Paddy Power, a Dublin-based online bookmaker, was so confident President Barack Obama would defeat GOP challenger Mitt Romney and win re-election Tuesday that it already had paid out more than $650,000 before the results were in, the firm said on its blog.
Before the decision to pay out, Obama's odds fell to a low of 2-9, and Paddy Power Sportsbook had seen 75 percent of money staked go the president's way over the past months.
William Hill also shorted Obama's odds of being re-elected to 2-9, with Romney at 10-3 on Election Day.
Graham Sharpe, a spokesman with William Hill, said Wednesday the company took in more than $1.59 million in bets on the U.S. election for the first time. He said the London-based bookmaker "suffered a relatively modest five-figure loss thanks to Barack Obama's supporters."
A William Hill client who wagered $47,000 in a Manchester sports book on Obama to win re-election will collect about $108,000. Sharpe said a customer who bet $39,000 on Romney "has not fared so well."
"If nothing else, this election has proved that the bookies are a better guide to the outcome of the election than the pollsters who had it a far closer race than we did," Sharpe said.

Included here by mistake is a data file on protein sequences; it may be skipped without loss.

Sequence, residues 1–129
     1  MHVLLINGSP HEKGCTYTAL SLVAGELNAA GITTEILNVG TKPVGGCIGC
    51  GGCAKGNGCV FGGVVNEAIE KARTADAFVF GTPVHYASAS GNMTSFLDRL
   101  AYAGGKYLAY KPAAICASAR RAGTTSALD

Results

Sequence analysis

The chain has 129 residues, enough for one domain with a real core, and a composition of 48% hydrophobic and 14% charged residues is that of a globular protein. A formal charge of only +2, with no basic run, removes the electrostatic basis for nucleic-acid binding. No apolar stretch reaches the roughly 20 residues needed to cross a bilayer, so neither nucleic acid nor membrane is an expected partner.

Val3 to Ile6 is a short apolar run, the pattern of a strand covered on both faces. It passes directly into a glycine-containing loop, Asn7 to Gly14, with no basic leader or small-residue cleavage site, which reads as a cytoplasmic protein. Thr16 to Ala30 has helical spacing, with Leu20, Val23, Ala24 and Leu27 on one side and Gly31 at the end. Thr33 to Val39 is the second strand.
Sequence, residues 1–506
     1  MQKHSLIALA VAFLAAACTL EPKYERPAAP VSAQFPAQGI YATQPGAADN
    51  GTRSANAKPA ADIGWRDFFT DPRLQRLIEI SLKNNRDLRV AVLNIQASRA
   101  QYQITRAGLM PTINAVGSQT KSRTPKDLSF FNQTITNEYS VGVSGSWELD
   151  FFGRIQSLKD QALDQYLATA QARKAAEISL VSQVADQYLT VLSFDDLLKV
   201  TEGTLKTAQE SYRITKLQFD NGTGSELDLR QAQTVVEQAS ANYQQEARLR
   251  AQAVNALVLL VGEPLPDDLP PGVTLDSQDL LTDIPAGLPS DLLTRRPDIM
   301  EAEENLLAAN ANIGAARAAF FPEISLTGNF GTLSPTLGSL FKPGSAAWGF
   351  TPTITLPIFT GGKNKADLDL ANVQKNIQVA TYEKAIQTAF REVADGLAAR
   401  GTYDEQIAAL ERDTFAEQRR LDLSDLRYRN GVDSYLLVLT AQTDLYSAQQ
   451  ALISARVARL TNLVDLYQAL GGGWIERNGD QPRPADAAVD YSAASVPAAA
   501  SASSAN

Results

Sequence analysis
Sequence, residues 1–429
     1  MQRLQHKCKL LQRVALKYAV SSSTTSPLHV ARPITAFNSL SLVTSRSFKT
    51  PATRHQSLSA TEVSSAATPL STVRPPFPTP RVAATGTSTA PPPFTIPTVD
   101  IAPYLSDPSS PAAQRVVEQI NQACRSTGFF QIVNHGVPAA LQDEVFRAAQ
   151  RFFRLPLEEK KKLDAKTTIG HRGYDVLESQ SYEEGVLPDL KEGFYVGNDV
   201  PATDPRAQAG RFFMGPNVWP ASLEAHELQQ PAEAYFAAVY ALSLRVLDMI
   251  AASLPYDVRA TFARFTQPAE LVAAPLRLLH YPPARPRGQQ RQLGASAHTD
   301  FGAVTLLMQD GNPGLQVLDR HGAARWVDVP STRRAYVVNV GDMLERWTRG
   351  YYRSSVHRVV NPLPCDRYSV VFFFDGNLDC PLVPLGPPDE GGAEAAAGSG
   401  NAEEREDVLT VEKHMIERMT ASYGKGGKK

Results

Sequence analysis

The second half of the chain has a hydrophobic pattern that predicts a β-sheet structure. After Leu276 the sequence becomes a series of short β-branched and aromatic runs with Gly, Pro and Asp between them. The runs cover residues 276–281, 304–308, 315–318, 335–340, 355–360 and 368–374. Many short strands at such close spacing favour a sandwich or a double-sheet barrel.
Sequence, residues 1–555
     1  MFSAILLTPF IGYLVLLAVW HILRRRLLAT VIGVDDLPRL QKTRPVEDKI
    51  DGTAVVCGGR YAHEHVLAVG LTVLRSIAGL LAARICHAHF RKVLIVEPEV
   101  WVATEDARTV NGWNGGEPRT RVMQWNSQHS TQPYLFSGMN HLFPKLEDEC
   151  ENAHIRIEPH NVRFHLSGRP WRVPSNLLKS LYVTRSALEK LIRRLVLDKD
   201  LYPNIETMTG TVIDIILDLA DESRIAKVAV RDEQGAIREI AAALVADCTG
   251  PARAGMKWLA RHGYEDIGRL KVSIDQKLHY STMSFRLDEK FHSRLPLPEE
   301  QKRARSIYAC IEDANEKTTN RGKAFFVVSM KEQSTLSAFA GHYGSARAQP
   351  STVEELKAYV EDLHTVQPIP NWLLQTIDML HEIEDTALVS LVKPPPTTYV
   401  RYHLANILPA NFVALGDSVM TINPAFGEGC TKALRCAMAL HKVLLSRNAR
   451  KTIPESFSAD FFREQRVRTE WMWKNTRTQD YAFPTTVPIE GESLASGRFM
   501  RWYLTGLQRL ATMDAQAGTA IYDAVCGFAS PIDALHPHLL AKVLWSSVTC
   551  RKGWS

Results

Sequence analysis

Paddy Power was so confident in its decision to pay out early, it took out an advertisement in the Irish Times on Monday to promote what it said was a "gutsy call."
The ad read: "Sorry, Romney, you're not black or cool. We're paying out early on an Obama victory."
"The overall betting trend has shown one-way traffic for Obama, and punters seemed to have called it 100 percent correct," Paddy Power said in a statement on the company's website. "Despite Romney appealing to the large evangelical and senior vote, America's sticking with black and cool."
Paddy Power noted that Romney gave it "a good shot . . . but we suspect he's had his moment in the sun and is likely to be remembered more for his legendary gaffes than presidential potential."
The ad attracted the attention of the Advertising Standards Authority of Ireland after a complaint was filed calling it prejudiced. Messages left with the ASAI on Wednesday were not returned, and no complaint had been posted on the regulatory agency's website.
The Daily Mail in London reported Wednesday that ASAI is investigating Paddy Power.
Paddy Power has made its support of Obama clear before. When the president visited Ireland in May 2011, the company renamed 13 of its sports books "Obama Power" and took bets on which pub Obama would visit to drink a pint of Guinness.
And by the way, William Hill on Wednesday started taking bets on the 2016 U.S. presidential election, posting 10-11 odds the Democrats will win the White House and 10-11 odds that the Republicans will do so.
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